You may also have a keyboard remapping program or even a malware program installed on the computer. Check the control panel>Add or Remove Programs applet to see if there is any unrecognizable program(s) installed. This is normally something the stake technology specialist should do because he should be familiar with all authorized installs on Church administrative computers.

I would also look for any files on the computer with the .klc extension. These are files used by Windows to remap the key codes as well as install an alternate keyboard driver (other than the normal keyboard driver) on the computer. In this case you will not notice any icon in the system tray and you may not notice an alternate service (keyboard layout configuration) when you call up the keyboard settings in the Regional Language Options applet.

I am not completely familiar with the Language bar in Windows XP but it is installed by default and loaded on each boot up. If you see the Language bar icon on the right of the Task bar someone may be inadvertently 'calling' a feature of the Language bar to remap the keyboard. You can remove the Language bar by right clicking the icon and selecting to remove it. You will get a message that states you can regain the Language bar throught the Regional Language Options applet. With the Language bar removed you may prevent inadvertent keyboard remapping.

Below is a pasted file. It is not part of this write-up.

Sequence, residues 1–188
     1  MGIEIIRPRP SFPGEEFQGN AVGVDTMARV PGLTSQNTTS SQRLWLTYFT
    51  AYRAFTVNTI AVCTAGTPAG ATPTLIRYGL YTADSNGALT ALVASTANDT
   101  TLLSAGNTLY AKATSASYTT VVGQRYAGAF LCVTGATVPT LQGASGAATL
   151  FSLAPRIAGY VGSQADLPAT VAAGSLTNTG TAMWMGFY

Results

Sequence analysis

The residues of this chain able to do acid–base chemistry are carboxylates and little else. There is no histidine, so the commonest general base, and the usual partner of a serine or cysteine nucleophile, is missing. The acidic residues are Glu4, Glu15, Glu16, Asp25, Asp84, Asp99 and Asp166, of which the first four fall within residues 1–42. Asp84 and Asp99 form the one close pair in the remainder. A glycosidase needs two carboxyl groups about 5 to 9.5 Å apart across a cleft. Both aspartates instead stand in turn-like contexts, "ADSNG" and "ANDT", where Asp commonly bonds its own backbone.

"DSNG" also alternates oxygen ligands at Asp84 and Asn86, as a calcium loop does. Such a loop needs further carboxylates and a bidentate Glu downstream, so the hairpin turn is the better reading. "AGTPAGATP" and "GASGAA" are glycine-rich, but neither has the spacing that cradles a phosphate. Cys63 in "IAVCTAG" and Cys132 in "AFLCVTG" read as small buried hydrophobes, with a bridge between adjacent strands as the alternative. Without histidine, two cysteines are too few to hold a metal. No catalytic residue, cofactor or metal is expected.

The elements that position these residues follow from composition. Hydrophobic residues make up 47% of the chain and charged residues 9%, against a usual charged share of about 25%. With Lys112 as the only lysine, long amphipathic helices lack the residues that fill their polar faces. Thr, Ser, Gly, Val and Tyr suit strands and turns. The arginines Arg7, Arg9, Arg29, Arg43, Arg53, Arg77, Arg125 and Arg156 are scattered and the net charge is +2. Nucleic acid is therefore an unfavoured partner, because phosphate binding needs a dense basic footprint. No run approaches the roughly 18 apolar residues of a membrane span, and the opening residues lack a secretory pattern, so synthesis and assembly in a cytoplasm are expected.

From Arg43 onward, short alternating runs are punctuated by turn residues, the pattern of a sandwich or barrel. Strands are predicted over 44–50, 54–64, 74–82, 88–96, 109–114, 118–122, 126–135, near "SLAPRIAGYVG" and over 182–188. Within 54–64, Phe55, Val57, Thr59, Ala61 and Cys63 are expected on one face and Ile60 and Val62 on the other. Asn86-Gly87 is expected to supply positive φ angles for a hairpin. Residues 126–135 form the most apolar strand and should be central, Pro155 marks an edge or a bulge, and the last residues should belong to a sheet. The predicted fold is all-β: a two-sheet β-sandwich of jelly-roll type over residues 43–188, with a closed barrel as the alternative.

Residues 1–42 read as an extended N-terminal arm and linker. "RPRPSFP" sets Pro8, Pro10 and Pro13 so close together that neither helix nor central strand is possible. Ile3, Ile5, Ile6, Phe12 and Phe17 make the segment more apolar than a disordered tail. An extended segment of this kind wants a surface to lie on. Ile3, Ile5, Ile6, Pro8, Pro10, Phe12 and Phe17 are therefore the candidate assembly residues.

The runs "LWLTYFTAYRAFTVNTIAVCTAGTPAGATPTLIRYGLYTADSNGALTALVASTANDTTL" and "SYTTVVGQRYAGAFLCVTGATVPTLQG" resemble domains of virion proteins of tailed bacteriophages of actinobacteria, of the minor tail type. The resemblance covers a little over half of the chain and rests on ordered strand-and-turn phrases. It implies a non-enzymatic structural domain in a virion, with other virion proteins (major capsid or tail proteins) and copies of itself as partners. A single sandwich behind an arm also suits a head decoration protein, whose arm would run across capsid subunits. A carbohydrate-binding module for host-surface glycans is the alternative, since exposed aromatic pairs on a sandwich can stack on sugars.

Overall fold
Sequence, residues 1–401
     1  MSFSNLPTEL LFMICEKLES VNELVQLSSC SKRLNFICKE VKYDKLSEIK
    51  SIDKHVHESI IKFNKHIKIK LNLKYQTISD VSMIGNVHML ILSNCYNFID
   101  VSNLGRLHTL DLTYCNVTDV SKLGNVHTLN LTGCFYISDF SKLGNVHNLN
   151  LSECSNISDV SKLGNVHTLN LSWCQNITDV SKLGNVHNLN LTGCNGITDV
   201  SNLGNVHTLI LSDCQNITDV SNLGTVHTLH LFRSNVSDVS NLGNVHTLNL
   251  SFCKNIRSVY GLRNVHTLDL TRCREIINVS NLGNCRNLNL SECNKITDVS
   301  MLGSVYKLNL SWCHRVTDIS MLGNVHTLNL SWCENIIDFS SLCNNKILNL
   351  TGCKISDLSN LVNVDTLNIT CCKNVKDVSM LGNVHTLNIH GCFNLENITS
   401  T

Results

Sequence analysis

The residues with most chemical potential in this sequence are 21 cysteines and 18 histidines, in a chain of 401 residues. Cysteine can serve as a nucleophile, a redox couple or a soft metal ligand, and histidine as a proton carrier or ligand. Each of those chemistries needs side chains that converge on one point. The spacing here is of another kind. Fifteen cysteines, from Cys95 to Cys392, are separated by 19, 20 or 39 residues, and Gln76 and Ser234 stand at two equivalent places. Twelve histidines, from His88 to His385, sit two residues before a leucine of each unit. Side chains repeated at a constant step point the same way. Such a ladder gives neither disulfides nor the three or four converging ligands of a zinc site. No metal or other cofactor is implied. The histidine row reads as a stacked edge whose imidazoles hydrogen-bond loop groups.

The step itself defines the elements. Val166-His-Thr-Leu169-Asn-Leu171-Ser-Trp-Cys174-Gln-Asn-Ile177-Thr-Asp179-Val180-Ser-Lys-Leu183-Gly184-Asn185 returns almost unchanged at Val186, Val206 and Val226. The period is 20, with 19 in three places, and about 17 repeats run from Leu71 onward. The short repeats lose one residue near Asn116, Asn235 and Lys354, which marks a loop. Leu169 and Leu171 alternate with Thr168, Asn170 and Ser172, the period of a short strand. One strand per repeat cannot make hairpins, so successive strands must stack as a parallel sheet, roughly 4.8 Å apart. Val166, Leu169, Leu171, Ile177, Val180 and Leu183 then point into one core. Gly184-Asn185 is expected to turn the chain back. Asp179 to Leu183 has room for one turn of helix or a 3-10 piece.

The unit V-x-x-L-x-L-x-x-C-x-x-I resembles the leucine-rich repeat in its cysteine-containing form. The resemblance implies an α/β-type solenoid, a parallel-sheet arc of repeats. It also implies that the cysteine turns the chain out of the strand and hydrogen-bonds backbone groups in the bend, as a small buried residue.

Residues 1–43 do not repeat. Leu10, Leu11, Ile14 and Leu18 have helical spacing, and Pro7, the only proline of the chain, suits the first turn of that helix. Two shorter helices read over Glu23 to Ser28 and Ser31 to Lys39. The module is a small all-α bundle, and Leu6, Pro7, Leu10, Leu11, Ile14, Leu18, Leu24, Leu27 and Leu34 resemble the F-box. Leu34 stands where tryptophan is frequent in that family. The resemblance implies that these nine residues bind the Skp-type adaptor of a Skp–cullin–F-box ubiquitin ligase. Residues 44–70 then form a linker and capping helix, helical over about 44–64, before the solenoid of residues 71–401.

The_Earl
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Postby The_Earl » Tue May 27, 2008 12:28 pm

jdlessley wrote:... Any other service (keyboard layout) would have been installed by or with the knowledge of the stake technology specialist. Check with him if you do have any other service installed.
...


I would think that installing a Dvorak keymap would be an explicit action by an administrative user. If that is the case, your problem may reappear.

If that happens, you may want to map a hotkey sequence to the US-QWERTY mapping, so that if you ever end up with a strange key mapping, you would simply enter the hotkey sequence to get you back to qwerty. The next step would be finding out who / why the keyboard gets remapped.